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Wearable Technology in 2015: A fad or the future?

As we enter 2015, consumer wearable technology is at a critical tipping point. The number of innovative places where you can stick sensors and collect data has been on a steep rise over the past year. Incubators and startups are ripe with ideas and uses for collecting and displaying all kinds of data. From watches to underwear, almost anything seems like it could be connected and send data to a smart phone or the cloud. However, with the endless parade of new devices constantly hitting the market, does this mean they are actually fulfilling an unmet need that really makes them useful? And where is the proof that these devices somehow make an impact or change behavior in a way that will elevate this sort of technology from niche to mainstream?

Currently, there is great interest and intent on behalf of consumers to try wearable technology, with almost 15% of Americans reportedly already using some type of fitness band, smart watch, or smart glasses. Fitness wearables are leading the herd right now, but most are only used for approximately 3 months and then are never used again.  If a consumer has a poor experience once, they may be less inclined to try other types of wearable technology down the line.

To push past the tipping point and get not only large-scale buy-in, but more importantly, large-scale ongoing utilization, there are a few essential aspects that vendors must start taking into account to help make the appetite for wearable technology more palatable.

  • Lower price points: Because many wearable technologies are in the early stages, price points are still high for many products. How many expensive pieces of technology will one consumer be willing to invest in? A recent PwC report showed that price was the biggest prohibiting factor to purchasing wearable technology. With many smart phones being a big purchase, wearable technology will need to be affordable and show the cost benefit in terms of use and value to consumers—especially if the expectation is to have multiple wearable technology products per person.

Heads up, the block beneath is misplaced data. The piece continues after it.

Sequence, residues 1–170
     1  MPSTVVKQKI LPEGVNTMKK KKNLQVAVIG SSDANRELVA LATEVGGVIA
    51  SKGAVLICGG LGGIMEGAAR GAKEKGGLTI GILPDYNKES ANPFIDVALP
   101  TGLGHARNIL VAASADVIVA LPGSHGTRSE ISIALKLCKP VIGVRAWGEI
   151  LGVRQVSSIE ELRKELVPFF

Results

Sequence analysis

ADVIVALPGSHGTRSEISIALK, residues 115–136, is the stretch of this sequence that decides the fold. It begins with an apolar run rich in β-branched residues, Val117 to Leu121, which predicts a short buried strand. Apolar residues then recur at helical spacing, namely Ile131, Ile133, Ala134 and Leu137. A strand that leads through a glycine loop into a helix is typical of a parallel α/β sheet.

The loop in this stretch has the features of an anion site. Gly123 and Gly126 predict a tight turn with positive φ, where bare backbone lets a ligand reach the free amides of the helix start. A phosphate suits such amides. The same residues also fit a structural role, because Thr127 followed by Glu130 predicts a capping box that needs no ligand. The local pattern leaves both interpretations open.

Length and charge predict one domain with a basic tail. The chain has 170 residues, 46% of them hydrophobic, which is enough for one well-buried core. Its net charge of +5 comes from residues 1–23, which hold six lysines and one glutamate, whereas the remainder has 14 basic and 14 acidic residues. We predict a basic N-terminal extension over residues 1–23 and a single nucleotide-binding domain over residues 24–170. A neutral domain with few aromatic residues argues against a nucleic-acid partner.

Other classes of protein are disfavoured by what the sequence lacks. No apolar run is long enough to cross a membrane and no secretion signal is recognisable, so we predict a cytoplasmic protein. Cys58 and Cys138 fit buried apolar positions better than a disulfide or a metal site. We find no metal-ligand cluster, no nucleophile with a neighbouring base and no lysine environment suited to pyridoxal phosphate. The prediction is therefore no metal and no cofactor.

• Aesthetic design: “One size fits all” will not work for wearable technology. The ability to personalize, swap sensors between different items, and make it less apparent that someone even has the technology on will be crucial for larger-scale adoption. This is also where branded partnerships between technology developers and established consumer brands can enable both parties to help each other out.  Aesthetic design could apply not only to the devices’ physical appearance, but possibly to the interface in which users engage with the information the devices produce. Think about the different technical capabilities and visual needs of the typical teenager vs the typical baby-boomer.
  • Seamless integration & context: Integration and context are intertwined, yet subtly different. Seamless integration refers not only to the technology working with current smartphone devices easily and simply, but also to causing as little disruption as possible to a person’s normal everyday activity and lifestyle. Along with integration is the need to then provide context for the data being collected, in order to make it truly usable and actionable. For example, if you’re using a sleep tracker, did you wake up due to your apnea or did you just need to go to the bathroom? Can your integrated sensor tell the two apart? This ability to add context alongside multiple streams of integrated data is critical.